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Math Help - Selecting pair of items

  1. #1
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    Selecting pair of items

    Suppose there are 10 different pairs of socks in a drawer. In other words, there are 20 singleton socks in total in the drawer. I randomly pick 2 socks out from the drawer. What is the probability that the 2 socks that I picked out is a matching pair?


    My answer to this question is 1/2. But I am not sure if what I have done is correct because 1/2 seems quite unbelievable.

    My interpretation is this:

    To get one particular pair of sock, I need this: \frac{1}{20}\cdot\frac{1}{19}

    Since there are 20 socks in the drawer and I am picking 2 out of it, I take \frac{1}{20}\cdot\frac{1}{19}\cdot\binom{20}{2} = \frac{1}{2} .

    But is this correct?
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  2. #2
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    Re: Selecting pair of items

     P = \frac{10}{\binom{20}{2}}=\frac{10}{190}=\frac{1}{1  9}
    Thanks from xEnOn
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  3. #3
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    Re: Selecting pair of items

    Quote Originally Posted by xEnOn View Post
    Suppose there are 10 different pairs of socks in a drawer. In other words, there are 20 singleton socks in total in the drawer. I randomly pick 2 socks out from the drawer. What is the probability that the 2 socks that I picked out is a matching pair?
    There are \binom{20}{2}=190 ways to pick pairs,
    Ten of those match,

    Ponder this \frac{10}{190}=\frac{1}{19} which is \frac{20}{20}\cdot\frac{1}{19}
    Thanks from xEnOn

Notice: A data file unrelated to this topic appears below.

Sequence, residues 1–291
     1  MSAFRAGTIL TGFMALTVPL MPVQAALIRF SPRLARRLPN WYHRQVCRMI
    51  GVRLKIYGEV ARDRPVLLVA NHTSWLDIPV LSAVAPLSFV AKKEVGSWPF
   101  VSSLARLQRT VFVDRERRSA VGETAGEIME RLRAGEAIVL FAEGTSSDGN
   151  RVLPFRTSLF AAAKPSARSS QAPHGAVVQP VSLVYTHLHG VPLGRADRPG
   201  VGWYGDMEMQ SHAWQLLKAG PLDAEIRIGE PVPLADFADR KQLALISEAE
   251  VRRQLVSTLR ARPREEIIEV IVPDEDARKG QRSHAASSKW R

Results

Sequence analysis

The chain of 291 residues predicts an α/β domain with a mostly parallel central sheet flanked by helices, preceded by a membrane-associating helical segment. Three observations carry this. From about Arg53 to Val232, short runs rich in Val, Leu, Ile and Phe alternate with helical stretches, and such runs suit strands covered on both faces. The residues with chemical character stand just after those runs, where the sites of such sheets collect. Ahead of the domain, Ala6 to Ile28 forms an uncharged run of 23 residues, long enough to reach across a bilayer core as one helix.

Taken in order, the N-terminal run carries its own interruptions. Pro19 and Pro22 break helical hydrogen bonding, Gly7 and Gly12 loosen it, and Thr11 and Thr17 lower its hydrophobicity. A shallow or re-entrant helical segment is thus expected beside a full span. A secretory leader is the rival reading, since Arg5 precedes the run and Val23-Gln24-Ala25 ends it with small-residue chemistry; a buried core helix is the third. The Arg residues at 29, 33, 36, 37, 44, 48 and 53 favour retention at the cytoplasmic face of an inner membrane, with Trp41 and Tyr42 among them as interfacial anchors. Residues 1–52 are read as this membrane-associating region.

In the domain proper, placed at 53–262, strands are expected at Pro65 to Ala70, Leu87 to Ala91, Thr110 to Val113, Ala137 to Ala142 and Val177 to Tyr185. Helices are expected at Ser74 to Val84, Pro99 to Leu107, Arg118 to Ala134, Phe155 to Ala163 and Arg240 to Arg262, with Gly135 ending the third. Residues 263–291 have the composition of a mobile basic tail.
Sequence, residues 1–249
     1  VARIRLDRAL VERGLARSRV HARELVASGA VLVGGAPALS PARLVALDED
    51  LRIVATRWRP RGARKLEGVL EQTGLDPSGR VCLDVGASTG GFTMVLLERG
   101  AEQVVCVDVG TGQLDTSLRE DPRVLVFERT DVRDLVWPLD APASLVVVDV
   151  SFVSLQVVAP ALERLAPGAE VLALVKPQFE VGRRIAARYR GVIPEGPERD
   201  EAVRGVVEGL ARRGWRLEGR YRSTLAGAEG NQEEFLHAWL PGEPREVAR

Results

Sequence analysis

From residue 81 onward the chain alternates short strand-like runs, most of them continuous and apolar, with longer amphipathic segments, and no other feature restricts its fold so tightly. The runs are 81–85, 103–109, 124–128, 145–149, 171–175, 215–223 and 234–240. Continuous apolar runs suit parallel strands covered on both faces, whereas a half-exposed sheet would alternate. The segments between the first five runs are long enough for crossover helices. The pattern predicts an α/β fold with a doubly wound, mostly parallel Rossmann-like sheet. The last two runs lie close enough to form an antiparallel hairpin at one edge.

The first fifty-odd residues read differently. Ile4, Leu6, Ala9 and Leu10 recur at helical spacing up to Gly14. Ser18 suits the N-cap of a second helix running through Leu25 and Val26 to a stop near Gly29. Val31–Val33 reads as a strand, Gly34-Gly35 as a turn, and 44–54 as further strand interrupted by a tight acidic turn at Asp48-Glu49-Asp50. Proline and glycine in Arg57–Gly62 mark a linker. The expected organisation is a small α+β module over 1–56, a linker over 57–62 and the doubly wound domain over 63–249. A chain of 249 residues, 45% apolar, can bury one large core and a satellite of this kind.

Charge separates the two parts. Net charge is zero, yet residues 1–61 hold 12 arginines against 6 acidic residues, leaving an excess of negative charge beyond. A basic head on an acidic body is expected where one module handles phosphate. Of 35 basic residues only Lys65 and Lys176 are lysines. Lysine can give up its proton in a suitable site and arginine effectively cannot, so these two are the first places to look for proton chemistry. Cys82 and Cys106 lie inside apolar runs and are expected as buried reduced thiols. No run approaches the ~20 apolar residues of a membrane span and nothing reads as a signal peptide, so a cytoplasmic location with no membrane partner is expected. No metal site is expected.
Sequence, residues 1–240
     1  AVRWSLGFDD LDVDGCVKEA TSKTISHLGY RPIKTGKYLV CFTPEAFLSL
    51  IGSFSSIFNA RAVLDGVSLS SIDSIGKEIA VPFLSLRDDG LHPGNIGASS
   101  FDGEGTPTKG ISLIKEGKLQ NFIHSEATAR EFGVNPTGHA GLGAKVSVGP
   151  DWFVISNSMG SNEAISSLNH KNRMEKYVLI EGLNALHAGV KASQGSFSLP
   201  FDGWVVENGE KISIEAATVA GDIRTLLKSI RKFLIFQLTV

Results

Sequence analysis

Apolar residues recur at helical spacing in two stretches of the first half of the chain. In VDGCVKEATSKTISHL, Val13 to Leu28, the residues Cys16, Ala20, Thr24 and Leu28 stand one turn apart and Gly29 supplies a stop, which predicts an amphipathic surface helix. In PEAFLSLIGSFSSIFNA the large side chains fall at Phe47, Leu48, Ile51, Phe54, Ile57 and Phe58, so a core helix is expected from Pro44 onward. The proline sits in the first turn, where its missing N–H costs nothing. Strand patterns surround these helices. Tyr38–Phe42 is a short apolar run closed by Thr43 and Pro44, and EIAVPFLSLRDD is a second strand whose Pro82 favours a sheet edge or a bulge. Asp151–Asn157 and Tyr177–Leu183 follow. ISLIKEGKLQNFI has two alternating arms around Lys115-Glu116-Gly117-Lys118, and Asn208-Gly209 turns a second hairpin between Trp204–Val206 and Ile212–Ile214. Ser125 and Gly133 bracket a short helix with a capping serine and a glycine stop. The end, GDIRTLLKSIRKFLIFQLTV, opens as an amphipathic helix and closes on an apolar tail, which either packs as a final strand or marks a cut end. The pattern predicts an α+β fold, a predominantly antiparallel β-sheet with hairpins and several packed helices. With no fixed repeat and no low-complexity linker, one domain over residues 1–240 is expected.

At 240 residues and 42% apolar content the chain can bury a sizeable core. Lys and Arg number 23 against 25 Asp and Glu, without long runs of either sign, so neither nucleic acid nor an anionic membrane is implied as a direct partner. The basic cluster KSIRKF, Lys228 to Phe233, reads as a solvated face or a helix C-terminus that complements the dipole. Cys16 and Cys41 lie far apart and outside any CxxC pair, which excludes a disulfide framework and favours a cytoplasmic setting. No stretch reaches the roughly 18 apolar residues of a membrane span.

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  4. #4
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    Re: Selecting pair of items

    ohh yeah... Now that when you mention the 10ways to pick versus the total 190 ways, it makes sense.

    Somehow, I am having this tendency to think of this problem being able to solve with the binomial distribution kind of technique, where I formulate the probability for one set of success and then multiply by the number of possible permutated ways. This was what I thought to get my earlier answer.
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  5. #5
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    Re: Selecting pair of items

    Quote Originally Posted by xEnOn View Post
    I am having this tendency to think of this problem being able to solve with the binomial distribution kind of technique, where I formulate the probability for one set of success and then multiply by the number of possible permutated ways. This was what I thought to get my earlier answer.
    It cannot be binomial distribution because the operations are not independent.
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  6. #6
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    Re: Selecting pair of items

    Hello, xEnOn!

    Suppose there are 10 different pairs of socks in a drawer.
    In other words, there are 20 singleton socks in total in the drawer.
    I randomly pick 2 socks out from the drawer.
    What is the probability that the 2 socks that I picked out is a matching pair?

    In your first draw, you can get ANY sock (it doesn't matter).

    Of the remaining 19 socks, how many match the first sock?

    Then what is the probability of a matching pair?
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  7. #7
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    Re: Selecting pair of items

    yea, from this perspective, it really is 1/19 because I needed just one more sock from the drawer of 19 socks left. Thanks a lot for all the enlightenments.
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